Singapore’s stock market seems to be an attractive place for a “short attack” these past few years. The term “short attack” is basically used to describe the act of funds or researchers publicly announcing that a company’s shares are worth a lot less than its current market price due to issues such as fraud, poor management of the business, or a simple case of over-valuation. A recent history of shorts In 2012, the research outfit Muddy Waters openly criticised commodities trader Olam Internatonal Ltd’s (SGX: O32) accounting and business model and stated that it held a short position in…
Singapore’s stock market seems to be an attractive place for a “short attack” these past few years.
The term “short attack” is basically used to describe the act of funds or researchers publicly announcing that a company’s shares are worth a lot less than its current market price due to issues such as fraud, poor management of the business, or a simple case of over-valuation.
A recent history of shorts
In 2012, the research outfit Muddy Waters openly criticised commodities trader Olam Internatonal Ltd’s (SGX: O32) accounting and business model and stated that it held a short position in the company’s shares.
Then, in 2013, a research report released by Glaucus Research Group caused vegetable processor China Minzhong Food Corporation Limited’s (SGX: K2N) shares to plunge more than 50% in a single day. Glaucus claimed that China Minzhong had been engaged in fraud.
A year later in 2014, fruit and vegetables canner Sino Grandness Food Industry Group Ltd (SGX: T4B) was the target of an investing report which alleged that the company had vastly overstated its revenue and balance sheet figures.
A new target emerges
The latest company to undergo a “short attack” is commodities supply chain manager Noble Group Limited (SGX: N21). A report, published by a blogger (or group) named Iceberg Research, surfaced on 15 February 2015. Below is a summary of some of Iceberg Research’s important allegations against Noble Group:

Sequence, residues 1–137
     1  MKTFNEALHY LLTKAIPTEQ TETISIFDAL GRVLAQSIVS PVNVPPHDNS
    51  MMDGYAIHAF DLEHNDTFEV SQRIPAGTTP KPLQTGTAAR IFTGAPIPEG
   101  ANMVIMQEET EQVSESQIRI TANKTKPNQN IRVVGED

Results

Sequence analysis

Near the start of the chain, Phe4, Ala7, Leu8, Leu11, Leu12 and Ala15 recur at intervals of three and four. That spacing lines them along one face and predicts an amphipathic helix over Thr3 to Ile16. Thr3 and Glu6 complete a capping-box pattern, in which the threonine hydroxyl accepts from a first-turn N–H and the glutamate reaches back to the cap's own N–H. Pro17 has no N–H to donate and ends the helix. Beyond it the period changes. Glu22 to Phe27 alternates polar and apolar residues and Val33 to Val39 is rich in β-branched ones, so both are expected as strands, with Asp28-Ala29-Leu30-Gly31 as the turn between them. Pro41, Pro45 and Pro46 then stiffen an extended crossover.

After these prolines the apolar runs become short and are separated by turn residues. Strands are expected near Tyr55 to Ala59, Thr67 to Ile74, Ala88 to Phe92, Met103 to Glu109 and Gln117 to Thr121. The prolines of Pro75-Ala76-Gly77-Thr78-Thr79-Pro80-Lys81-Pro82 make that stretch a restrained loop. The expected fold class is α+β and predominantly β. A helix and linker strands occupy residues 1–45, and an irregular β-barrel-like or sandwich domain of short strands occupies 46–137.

- Noble “[e]xploits the accounting treatment of its associates to avoid large impairments and fabricate profit.”
- “The proclaimed recovery of the Agri business in 2014 was manufactured through the use of questionable methods such as subsidies from the group or depreciation cuts.”
- “The price paid for the new associate Agri will be much lower than the provisional $1.5b payment; and/or that Noble will have substantial remaining financial commitments to its new associate. Noble may once again use the accounting for associates to hide the impairment.”
I have addressed Iceberg Research’s first point in another article, so you can check it out here. In this article, I’d be taking a look at the other points made by Iceberg Research to see if there are any merits to them.
The merits… if any
So, let’s get started with Iceberg Research’s beef with Noble Group’s Agri business.
The background to this is that Noble Group had sold a 51% stake of its Agri business in 2014 to a consortium led by China-based agricultural products supplier COFCO while retaining a 49% stake. The sale, which was for a sum of US$1.5 billion, meant that Noble Group would change its classification of the Agri business from a subsidiary to an associate.